Reverberation is a complex issue to understand, especially if you are looking at the mathematical equations that predict the level of reverberation, or at estimations made from acoustic modelling, or even the results from acoustic testing and what they mean to you and your project. We briefly explain each of these points as just as possible, from what reverberation is and how it can affect us especially our communication and our concentration. We aim to update this as often as we can with new research and provide blogs on areas revolving around reverberation.
There are several ways that the physical space can have an effect on the overall soundscape, and this makes it difficult to predict the levels of sound absorption required for no two are alike, even if the volumetric size is precisely the same, its geometry and material composition will change this. There may be significantly more windows or the room as a lot of recesses or a mezzanine level that all changes and reflects sounds in different ways - and these can be positive or negative depending on what activities and events you wish to hold. We need to obtain a complete picture to achieve the best figures possible for what is required by uncovering what sort of activities are planned in the space, whether they exist now or proposed and details of the following:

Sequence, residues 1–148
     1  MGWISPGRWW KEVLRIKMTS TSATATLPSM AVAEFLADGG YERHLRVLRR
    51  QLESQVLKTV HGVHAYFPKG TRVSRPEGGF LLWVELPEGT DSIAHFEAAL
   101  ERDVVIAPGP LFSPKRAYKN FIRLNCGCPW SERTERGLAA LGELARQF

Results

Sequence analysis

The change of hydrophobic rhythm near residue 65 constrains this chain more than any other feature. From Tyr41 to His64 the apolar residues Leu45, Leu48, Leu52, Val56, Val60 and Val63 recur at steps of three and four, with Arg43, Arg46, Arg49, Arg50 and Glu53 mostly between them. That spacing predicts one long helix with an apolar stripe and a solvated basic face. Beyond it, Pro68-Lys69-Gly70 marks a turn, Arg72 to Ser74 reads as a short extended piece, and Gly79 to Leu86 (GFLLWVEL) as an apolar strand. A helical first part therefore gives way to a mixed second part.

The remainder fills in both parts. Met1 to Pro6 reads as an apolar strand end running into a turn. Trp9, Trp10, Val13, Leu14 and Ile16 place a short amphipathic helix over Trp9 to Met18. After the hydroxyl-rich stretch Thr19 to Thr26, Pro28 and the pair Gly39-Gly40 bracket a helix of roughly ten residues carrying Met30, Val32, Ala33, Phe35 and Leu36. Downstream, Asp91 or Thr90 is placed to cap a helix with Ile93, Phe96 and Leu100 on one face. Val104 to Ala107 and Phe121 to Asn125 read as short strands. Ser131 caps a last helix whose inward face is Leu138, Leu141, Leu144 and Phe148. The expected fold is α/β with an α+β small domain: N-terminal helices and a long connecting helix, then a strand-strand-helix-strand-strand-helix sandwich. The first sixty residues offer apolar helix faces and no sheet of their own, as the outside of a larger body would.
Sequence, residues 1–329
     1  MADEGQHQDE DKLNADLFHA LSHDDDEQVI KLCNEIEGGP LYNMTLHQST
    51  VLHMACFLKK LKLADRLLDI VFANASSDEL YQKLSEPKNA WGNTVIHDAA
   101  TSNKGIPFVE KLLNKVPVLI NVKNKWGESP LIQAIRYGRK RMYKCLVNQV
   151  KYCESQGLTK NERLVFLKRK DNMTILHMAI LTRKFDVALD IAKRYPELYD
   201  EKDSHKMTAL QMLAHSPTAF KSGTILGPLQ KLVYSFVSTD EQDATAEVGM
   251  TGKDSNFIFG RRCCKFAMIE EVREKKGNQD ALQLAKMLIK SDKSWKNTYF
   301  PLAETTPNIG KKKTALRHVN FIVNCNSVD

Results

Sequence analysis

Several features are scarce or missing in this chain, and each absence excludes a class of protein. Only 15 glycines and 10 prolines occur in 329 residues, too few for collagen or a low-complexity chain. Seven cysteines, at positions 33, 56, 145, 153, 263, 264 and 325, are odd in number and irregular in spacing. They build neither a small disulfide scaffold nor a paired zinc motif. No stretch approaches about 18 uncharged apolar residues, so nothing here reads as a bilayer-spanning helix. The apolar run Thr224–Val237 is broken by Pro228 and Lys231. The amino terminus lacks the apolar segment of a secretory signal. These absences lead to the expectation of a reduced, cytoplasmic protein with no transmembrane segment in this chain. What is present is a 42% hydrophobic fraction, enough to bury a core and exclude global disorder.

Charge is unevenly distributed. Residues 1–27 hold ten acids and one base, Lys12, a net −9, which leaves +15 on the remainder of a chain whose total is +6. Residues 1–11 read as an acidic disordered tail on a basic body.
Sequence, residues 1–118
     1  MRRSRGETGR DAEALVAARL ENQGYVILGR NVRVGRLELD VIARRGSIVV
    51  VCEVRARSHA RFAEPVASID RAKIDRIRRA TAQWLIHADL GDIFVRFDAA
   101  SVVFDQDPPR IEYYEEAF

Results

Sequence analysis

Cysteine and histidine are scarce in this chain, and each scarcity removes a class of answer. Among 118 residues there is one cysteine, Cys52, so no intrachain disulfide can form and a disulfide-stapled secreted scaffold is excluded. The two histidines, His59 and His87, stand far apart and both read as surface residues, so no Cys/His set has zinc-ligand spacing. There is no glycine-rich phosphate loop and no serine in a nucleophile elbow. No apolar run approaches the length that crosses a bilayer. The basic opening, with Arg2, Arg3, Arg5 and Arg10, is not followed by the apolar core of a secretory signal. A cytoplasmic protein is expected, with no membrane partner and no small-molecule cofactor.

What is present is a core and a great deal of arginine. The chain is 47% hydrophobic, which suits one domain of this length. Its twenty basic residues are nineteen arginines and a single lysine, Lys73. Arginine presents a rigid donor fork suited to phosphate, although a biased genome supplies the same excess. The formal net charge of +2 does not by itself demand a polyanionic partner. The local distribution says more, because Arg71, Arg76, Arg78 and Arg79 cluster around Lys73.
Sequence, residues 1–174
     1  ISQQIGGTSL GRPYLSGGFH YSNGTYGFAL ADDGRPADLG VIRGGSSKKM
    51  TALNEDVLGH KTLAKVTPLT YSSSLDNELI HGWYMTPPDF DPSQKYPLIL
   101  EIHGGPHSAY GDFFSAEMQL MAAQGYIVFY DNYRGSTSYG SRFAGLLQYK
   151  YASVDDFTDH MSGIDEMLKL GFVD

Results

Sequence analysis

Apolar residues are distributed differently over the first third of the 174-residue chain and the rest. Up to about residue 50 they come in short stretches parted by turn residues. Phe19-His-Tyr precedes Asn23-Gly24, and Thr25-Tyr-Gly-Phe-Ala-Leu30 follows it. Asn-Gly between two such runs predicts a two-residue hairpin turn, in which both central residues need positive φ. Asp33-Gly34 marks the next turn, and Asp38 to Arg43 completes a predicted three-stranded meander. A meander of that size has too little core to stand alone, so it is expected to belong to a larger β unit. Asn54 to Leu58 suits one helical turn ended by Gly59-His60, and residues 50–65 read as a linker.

The room size
Geometry, for instance, pitched roof with an octagon shape would have a completely different trajectory of sound than a simple rectangle room with a flat roof
What each surface has as a building material, for instance, a polished wooden floor with exposed breezeblock walls and a wood panel ceiling
First, we aim to create an estimated acoustic modelling of the room or look to carry out an Acoustic Test, we then we look at required levels alongside your budget in mind for introducing Nude Note™ to your space and discussing any visual requirements you may have in terms of colour scheme and their arrangement.
Our Nude Note™ in its 50mm thickness can be used to reduce background levels of airborne noise - but more through lowering the sound pressure and internal issues that hard furnishings help to amplify. For excessive noise issues, you want to look at our MuteRange for acoustic materials that are used for the reduction of sound transmission.
With the minimal, open-plan interior design approach dominating the aesthetics of internal environments, this follows the principle of stripping back soft furnishings, exposing the structural walls and leaving concrete flooring to be exposed - rarely covering, and even if so it is with a tiling or wooden floor finish, both reflective. Another approach that restaurants have started adopting is the opening of the kitchen environment - this creates a very inclusive and interactive environment where the customer is able to view the chefs at work, and the whole experience is holistic in its overall approach.
But, this is opening the dining area to noise found in abundance in the kitchen environment, in these minimal design interiors tend to lead to poor internal acoustics, which if they are disrupting the interaction between customers and guests, defeats the purpose of creating a full experience. Nude Note™ can be installed in any of these scenarios yielding great success with improving sound control here - the only recommendation we have is that darker colour schemes are used in areas with excessive vapour and smoke as this could lead to staining over time.
Nude Note™ is incredibly easy to install, there is no requirement for assembly on site as any colour wrapped Soft Note™ materials are provided ready wrapped, there are various methods for fixing that our design team will discuss with you to make sure it runs as smooth as possible.